3. Our kids are more whole because we both contribute to the parenting. I have a few friends where they do all the parenting and their husbands do none. They are exhausted, tired and struggle to love their children at times. While I do not always agree with my husband's parenting style, I am thankful that he is in the picture and a willing participant. He can teach our children skills that I can't, like braving the steep hill to ride a bike or the difference between a flathead and Phillip's screwdriver. He is also showing them love in a way that I can duplicate or replace.
4. Sometimes, it is better to keep you mouth shut. At the end of the day, is it really important if my husband makes sure all the beds are made before the kids leave for school? Is is crucial for everyone to wear clothes that match? Is it vital for us to be on time everywhere we go? The answers to these questions is no. The "No Kill Policy": How To Control Anger As A Parent
When I find myself getting frustrated with my spouse, I ask about the bigger picture. I have a moment of thankfulness that he is active and participating in the lives of our children. In the big picture, our kids will remember the time that their dad was around, not all the little things that I wanted done perfectly.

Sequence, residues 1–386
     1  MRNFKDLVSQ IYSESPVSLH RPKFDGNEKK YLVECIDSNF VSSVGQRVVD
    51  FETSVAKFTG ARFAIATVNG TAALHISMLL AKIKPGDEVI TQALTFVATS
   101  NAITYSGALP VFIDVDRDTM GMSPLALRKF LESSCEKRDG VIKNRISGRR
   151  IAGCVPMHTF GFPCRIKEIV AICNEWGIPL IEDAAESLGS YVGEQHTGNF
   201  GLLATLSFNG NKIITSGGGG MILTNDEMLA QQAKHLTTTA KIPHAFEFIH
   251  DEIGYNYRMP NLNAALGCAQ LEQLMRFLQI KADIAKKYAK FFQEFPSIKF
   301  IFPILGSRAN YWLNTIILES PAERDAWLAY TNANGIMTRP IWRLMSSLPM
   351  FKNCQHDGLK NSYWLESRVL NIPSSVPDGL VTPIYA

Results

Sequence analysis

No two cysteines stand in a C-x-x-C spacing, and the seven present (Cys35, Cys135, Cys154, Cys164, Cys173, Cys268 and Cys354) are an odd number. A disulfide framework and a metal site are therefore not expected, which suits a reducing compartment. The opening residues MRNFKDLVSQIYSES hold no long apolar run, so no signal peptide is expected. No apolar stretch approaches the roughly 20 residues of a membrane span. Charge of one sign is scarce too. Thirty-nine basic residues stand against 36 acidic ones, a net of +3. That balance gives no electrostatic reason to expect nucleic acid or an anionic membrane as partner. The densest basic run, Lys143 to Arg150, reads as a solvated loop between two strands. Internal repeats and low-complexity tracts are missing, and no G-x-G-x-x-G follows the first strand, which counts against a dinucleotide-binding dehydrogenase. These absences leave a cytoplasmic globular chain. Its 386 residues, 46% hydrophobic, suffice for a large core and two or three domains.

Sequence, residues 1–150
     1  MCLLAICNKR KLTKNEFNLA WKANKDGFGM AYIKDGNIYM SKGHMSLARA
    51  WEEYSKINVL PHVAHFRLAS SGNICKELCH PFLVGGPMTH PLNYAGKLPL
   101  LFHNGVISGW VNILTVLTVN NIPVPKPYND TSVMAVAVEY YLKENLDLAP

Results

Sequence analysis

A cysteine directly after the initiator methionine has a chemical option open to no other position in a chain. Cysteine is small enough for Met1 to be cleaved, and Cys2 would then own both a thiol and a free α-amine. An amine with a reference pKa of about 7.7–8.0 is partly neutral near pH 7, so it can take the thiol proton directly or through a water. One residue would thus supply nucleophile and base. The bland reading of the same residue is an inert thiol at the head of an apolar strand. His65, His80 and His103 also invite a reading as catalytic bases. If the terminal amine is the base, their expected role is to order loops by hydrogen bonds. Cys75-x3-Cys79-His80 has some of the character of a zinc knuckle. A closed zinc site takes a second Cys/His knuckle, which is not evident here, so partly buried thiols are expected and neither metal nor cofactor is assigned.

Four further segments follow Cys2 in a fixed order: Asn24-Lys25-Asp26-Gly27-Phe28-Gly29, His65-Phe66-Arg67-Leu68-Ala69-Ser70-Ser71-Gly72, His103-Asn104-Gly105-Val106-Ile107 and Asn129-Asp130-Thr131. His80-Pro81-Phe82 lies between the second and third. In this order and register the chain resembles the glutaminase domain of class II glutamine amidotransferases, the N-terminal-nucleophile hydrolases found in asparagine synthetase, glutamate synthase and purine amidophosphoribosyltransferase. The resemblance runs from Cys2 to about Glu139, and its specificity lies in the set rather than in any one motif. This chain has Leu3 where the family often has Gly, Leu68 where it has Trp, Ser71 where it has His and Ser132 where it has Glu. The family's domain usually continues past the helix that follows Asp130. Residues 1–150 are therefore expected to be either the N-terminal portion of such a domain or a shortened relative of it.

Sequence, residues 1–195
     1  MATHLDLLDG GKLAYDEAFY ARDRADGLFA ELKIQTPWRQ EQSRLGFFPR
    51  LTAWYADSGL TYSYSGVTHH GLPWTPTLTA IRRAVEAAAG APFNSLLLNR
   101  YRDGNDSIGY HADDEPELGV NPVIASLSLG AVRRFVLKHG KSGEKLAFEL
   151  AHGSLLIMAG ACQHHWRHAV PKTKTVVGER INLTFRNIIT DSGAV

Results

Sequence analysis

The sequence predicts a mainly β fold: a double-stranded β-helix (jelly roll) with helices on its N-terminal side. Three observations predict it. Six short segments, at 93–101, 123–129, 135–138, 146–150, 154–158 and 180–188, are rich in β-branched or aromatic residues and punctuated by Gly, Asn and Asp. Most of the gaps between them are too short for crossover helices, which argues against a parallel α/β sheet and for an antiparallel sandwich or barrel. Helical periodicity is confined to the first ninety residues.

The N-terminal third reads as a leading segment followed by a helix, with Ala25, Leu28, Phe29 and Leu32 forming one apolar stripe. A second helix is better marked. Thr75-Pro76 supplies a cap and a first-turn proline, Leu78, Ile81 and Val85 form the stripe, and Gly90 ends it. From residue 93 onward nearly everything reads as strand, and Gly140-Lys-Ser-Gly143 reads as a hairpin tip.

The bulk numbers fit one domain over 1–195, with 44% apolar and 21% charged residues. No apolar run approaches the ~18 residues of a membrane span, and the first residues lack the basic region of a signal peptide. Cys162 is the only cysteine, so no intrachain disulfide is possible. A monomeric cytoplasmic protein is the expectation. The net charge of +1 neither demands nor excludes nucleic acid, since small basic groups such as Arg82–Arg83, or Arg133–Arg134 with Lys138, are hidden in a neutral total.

5. We always come back to what we want to model for our children. A core belief that I have as a parent is to model what I want our children to see. My husband agrees with this as well. Children will do what they see and say what they hear. Above all else, I want them to know that they are loved by many. I also want them to know that love comes in many different ways and can be shown differently by each parent.
Is parenting easy? Nope, not a bit. Is co-parenting easy? Not really. Would I trade either for anything in the world? Of course not. At the end of the day, being a parent makes me a better person. Parenting with my husband makes me a better mother, communicator and wife. Both push me out of my comfort zone.